I have witnessed organizations around the world recognize the need for change. They change their websites, marketing collateral, the pricing models, elevator pitches, and sometimes their solution set. They hand all of this over to the sales team, and then don’t seem to understand why they don’t get immediate results. Tigers are nature hunters and killers. Even a Tiger will struggle if their hunting ground is changed and the prey they have lived off of for years is switched. Some won’t be able to make the change and will starve.

One of many examples I could site to illuminate this issue: I regularly work with companies where their sales people have been calling on procurement or IT departments for years. With the transformation, the company is attempting to offer a more integrated total communication solution. It then becomes a requirement for the sales team to call on senior executives – the “C” suite. To make this transformation, sale people must learn to become trusted advisors. They need to adopt a new sales approach to sell solutions, rather than products. They can’t continue to sell on price, depend on product features, or even lean on past relationships if they are going to succeed. Organizations have to help their Tigers change and adapt if they want to succeed.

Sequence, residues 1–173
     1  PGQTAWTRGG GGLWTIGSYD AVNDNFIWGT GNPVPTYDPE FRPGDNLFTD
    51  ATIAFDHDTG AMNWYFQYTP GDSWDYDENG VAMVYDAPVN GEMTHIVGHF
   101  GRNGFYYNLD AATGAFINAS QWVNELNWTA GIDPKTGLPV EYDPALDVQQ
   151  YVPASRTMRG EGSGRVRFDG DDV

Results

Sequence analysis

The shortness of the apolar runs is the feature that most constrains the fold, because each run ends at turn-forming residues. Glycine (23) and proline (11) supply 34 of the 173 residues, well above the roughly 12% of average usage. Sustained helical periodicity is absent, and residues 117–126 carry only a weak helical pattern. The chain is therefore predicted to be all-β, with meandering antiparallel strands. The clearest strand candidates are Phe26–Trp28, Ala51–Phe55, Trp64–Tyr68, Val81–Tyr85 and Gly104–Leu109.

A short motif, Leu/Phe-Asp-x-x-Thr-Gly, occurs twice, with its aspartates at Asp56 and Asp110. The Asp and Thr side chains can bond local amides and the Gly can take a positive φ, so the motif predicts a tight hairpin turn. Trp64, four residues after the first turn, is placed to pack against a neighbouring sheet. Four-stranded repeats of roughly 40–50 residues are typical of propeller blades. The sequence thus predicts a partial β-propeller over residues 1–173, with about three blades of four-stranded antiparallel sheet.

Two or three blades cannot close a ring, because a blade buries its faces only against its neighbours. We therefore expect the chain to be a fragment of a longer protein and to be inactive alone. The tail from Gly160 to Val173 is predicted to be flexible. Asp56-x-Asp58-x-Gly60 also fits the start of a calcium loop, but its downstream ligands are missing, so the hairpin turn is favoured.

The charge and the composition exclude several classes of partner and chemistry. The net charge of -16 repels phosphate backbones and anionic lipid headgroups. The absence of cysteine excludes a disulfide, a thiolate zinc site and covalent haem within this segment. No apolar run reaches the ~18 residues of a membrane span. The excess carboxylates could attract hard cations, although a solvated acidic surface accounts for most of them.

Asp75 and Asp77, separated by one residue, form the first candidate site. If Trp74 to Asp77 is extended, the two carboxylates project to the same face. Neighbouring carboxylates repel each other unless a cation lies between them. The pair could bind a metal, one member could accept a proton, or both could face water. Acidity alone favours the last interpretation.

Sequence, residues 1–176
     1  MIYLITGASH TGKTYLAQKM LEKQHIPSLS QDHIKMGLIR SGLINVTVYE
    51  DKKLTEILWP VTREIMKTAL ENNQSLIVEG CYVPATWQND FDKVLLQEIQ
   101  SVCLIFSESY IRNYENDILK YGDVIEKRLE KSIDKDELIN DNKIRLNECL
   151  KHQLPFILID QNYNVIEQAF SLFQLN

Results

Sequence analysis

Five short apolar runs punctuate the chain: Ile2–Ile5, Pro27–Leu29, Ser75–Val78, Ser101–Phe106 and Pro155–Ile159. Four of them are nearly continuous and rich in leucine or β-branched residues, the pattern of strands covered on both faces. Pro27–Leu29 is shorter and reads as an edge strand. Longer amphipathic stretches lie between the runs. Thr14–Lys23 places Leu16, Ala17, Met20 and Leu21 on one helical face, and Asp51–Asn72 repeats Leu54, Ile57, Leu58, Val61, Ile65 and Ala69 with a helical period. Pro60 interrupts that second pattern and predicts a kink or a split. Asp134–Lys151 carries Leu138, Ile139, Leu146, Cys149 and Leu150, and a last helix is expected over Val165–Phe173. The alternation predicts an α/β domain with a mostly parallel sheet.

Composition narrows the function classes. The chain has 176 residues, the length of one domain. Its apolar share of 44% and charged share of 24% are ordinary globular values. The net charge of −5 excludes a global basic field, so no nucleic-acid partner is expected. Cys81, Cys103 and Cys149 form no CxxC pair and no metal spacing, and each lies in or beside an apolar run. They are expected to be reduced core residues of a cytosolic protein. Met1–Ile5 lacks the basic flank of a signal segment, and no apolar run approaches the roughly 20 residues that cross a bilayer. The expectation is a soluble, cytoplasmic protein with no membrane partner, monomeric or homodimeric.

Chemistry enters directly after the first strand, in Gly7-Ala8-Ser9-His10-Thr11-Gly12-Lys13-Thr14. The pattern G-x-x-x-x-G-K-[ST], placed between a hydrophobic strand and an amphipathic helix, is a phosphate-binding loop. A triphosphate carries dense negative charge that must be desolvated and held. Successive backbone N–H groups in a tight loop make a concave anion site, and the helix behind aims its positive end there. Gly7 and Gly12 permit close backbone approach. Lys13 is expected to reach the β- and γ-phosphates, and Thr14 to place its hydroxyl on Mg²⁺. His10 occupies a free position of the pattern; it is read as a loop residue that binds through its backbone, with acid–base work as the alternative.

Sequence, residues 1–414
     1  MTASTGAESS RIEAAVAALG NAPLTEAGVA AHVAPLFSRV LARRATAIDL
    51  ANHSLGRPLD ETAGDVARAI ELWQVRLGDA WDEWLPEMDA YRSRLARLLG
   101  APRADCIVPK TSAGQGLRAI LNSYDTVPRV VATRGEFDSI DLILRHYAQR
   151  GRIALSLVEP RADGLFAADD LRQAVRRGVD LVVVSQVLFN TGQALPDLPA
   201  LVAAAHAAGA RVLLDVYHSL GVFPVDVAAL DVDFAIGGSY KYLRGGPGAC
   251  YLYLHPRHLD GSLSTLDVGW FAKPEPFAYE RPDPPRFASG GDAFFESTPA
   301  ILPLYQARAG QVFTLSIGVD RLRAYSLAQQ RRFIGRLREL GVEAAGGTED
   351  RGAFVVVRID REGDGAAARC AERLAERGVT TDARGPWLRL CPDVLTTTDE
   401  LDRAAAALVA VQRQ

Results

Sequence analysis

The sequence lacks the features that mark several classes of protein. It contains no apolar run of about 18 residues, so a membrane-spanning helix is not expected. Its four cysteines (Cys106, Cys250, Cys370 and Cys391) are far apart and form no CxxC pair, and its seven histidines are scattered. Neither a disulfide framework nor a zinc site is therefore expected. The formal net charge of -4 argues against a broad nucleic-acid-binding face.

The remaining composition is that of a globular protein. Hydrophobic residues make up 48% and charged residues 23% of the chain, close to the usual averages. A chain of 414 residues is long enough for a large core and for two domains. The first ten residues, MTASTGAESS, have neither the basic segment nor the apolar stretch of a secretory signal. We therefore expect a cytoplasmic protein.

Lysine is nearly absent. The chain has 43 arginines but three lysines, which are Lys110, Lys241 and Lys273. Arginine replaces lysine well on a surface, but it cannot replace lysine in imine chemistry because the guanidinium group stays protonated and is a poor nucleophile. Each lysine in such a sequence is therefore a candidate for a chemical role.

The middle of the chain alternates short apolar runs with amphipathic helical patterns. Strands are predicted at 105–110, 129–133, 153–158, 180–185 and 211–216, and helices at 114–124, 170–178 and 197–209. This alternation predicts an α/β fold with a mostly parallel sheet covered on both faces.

I see one of three things that happen in the transformation process;

  1. The company takes a whip out and cracks it on the Tiger like a circus act.
  2. Organizations take a very passive and slow approach. They allow the Tigers to adapt at their own pace.
  3. The company offers the Tigers new approaches, new methods, trains them, and helps them to thrive.

Some simple questions you can ask to determine which one of these 3 best describes your approach to your Tigers: